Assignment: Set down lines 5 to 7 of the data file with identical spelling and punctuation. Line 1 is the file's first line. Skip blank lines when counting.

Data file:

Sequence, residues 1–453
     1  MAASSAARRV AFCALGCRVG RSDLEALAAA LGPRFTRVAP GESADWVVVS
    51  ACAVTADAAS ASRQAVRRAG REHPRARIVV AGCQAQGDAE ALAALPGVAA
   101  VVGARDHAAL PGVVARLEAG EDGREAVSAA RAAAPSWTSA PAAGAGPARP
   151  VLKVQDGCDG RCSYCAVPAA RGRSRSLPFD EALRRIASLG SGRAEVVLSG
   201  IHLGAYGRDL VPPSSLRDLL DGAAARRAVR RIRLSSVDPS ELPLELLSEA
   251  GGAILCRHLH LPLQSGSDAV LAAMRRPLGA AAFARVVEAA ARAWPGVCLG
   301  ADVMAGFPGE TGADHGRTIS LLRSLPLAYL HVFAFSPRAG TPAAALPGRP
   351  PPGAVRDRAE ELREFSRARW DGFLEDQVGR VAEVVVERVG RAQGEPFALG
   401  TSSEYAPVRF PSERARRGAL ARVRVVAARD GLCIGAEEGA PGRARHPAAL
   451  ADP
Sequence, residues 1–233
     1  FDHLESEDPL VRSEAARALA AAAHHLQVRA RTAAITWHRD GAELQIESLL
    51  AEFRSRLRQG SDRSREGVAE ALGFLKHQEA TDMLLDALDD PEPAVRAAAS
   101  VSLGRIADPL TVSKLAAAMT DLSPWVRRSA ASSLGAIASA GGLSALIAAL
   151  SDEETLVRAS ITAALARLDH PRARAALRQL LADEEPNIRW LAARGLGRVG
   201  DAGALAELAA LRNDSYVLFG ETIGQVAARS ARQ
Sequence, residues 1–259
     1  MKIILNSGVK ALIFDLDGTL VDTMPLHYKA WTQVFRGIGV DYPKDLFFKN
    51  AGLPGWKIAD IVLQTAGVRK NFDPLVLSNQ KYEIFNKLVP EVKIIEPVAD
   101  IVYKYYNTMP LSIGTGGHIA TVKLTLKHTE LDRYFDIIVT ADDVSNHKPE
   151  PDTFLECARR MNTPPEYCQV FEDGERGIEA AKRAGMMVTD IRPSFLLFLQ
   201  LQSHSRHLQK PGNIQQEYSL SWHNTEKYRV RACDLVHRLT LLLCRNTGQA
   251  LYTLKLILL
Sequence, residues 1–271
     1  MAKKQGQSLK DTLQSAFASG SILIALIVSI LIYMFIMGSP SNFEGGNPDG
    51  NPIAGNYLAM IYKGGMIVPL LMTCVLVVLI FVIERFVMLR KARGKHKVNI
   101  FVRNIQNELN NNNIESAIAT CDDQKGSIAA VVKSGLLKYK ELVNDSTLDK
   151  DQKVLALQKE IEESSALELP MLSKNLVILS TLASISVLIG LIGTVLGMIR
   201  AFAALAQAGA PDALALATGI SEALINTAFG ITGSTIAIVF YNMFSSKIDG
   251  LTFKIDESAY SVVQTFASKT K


   151  VLKVQDGCDG RCSYCAVPAA RGRSRSLPFD EALRRIASLG SGRAEVVLSG
   201  IHLGAYGRDL VPPSSLRDLL DGAAARRAVR RIRLSSVDPS ELPLELLSEA
   251  GGAILCRHLH LPLQSGSDAV LAAMRRPLGA AAFARVVEAA ARAWPGVCLG